These and other objects of this invention are achieved by an apparatus for solid state shear extrusion pulverization of polymeric materials comprising an elongated hollow barrel having a feed zone, a heating zone adjacent to the feed zone, a powder formation zone adjacent to the heating zone and a powder discharge zone adjacent to the powder formation zone. Housed within the elongated hollow barrel is at least one screw comprising a high shear screw section. The apparatus further comprises feed means for feeding the polymeric material to the feed zone, temperature adjustment means for heating the polymeric material to a temperature less than the decomposition temperature of the polymeric material in the heating zone and for maintaining the polymeric material below its melting point in the powder formation zone, and high shear friction means for creating normal and shear forces sufficient to form a powder of the polymeric material in the powder forming zone. The heat applied to the polymeric materials in the heating zone decreases the physical bonds between macromolecules and decreases mechanical toughness. Suitable forces are applied by screw rotation, preferably from about 2 to about 250 rpm, although higher rotation speeds may be employed. In order to produce the fine powders, it is critical that the temperature of the polymeric material in the powder formation zone be maintained above its phase transition temperature but below its melting point. To inhibit the agglomeration of the fine powder particles produced in the powder formation zone, it is preferred that the temperature within the powder formation zone be as low as possible, but above the glass transition temperature of the polymeric material, thereby rendering the material easier to shear while still inhibiting the formation of agglomerates.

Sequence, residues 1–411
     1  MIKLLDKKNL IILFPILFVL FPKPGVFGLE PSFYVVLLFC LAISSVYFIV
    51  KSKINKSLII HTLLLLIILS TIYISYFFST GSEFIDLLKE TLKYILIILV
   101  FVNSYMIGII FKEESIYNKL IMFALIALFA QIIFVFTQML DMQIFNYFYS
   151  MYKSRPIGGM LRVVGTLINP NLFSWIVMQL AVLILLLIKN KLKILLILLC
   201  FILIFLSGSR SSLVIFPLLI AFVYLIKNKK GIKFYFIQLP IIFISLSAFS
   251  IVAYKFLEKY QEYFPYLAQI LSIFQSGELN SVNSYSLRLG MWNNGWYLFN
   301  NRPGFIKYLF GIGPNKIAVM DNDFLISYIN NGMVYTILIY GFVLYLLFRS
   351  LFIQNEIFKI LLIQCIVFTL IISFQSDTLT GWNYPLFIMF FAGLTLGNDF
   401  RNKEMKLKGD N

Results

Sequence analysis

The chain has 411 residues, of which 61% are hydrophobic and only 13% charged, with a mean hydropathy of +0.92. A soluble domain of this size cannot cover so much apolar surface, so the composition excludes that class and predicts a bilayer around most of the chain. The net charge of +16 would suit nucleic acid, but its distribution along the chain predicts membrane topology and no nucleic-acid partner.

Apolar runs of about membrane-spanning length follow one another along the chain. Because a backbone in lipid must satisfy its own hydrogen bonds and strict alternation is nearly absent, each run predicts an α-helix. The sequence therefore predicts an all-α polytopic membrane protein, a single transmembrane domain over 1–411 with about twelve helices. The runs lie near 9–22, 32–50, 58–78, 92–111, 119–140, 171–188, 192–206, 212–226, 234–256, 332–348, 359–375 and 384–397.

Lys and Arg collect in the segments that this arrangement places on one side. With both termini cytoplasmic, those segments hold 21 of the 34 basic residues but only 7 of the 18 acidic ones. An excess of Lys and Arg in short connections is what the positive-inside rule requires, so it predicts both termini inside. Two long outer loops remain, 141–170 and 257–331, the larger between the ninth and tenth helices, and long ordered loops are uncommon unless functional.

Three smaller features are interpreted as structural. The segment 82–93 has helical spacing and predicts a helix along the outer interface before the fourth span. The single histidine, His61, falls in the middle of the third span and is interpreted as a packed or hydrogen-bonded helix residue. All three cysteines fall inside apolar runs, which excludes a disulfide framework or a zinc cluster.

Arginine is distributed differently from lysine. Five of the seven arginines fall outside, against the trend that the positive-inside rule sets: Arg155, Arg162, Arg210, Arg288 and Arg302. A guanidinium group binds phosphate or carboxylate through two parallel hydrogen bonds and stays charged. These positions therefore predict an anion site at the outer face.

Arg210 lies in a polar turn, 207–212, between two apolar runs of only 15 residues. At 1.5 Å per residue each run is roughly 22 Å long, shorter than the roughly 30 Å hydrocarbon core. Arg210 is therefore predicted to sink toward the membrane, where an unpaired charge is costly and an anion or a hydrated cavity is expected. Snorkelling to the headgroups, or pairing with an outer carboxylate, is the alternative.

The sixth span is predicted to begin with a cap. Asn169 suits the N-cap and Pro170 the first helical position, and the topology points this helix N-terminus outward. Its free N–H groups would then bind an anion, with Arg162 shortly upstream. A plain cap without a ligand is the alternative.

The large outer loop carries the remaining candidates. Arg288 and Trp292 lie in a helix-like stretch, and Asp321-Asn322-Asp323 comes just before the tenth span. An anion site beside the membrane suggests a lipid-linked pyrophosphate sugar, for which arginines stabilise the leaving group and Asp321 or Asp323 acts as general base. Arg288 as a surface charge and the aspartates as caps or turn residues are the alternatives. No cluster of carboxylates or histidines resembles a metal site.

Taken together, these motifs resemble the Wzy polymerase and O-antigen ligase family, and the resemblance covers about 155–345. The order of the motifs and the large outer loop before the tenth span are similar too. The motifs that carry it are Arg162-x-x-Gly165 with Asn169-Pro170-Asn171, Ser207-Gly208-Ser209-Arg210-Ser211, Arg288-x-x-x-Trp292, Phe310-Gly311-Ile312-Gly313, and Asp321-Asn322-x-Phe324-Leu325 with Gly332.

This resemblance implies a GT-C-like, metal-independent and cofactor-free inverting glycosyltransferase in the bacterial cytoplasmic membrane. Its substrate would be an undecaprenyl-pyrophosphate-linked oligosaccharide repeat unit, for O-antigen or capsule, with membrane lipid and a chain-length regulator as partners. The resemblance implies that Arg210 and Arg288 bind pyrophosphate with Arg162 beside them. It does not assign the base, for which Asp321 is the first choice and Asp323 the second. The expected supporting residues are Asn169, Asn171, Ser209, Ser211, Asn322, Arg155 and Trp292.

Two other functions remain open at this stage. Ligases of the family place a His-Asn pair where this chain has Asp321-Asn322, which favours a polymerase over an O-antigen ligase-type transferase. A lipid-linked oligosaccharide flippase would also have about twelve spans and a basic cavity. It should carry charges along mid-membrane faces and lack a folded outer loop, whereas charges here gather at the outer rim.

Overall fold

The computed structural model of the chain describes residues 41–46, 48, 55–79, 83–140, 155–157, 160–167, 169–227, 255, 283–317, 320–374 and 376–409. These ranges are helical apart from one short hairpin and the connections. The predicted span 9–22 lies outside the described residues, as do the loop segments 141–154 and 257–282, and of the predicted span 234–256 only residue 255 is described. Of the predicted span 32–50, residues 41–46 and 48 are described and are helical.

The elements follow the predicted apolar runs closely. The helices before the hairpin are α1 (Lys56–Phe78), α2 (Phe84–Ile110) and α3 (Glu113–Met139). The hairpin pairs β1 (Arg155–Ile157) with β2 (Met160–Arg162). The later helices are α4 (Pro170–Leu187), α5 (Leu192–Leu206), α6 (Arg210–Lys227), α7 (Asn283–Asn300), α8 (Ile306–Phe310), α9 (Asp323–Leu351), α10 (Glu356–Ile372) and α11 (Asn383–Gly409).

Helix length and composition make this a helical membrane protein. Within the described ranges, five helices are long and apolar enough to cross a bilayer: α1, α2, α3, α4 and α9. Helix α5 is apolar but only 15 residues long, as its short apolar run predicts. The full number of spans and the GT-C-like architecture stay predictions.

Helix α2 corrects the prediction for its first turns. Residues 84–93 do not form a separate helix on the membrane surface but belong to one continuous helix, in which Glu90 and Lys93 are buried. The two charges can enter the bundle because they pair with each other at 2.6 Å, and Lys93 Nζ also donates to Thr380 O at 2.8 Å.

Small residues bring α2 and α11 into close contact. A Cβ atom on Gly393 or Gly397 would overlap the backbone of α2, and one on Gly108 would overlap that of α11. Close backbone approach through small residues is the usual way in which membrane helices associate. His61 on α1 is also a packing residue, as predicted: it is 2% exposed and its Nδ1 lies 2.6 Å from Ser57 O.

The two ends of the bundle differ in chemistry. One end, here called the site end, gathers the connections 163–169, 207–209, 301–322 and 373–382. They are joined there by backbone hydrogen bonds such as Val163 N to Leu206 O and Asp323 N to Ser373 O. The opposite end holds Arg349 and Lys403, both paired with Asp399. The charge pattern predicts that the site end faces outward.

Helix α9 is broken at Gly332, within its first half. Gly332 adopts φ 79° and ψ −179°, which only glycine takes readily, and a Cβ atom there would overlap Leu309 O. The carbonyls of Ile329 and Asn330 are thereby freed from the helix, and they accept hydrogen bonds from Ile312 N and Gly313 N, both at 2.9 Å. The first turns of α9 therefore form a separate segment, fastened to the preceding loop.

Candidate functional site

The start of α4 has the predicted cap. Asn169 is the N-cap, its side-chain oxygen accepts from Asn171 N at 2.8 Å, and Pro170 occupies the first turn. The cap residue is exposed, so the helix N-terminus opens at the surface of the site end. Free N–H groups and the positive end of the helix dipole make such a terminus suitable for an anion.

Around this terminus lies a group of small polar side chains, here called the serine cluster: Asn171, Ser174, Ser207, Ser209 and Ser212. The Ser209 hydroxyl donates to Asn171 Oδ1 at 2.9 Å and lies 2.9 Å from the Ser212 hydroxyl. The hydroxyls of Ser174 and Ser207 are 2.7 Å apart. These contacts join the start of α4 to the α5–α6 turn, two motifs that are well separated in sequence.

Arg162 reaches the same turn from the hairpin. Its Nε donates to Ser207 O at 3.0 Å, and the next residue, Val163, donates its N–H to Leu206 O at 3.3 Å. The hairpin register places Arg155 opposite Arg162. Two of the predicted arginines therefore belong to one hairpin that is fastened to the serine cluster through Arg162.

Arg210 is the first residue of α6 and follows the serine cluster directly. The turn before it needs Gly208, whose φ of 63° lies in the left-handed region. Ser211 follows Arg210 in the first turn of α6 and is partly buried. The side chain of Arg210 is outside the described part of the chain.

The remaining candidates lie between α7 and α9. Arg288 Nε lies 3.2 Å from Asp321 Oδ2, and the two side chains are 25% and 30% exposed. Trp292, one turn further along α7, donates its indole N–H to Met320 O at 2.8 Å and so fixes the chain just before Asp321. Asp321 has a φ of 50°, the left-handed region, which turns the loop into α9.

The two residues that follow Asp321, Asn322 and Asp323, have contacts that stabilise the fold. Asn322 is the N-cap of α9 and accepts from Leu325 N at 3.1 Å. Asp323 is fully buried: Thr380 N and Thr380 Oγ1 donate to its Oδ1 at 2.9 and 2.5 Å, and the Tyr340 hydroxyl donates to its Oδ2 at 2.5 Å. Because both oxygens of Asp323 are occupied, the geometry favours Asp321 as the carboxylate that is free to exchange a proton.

The apparatus of this invention is applicable to a variety of polymers, such as, high and low density polyethylene, rubber, mixtures of high and low density polyethylene and rubber, and high and low density polyethylene and wood, copolymers, phenolic resins and thermoset polyurethane. The fine polymeric material produced by the apparatus of this invention enables much broader end uses as fillers and reinforcement agents in matrices, such as polymer, ceramic, gypsum, concrete, and asphalt. This is important to practical utilization of products of recycling polymer wastes, both pre- and/or post-consumer, to reduce the environmental problems caused by such solid wastes.
These and other objects and features of this invention will be better understood and more apparent from the following detailed description taken in conjunction with the drawings wherein:
FIG. 1 is a longitudinal cross-sectional view of a barrel of a solid state shear extrusion pulverization apparatus with a single cylindrical screw in accordance with one embodiment of this invention;
FIG. 2 is an end view of the apparatus shown in FIG. 1;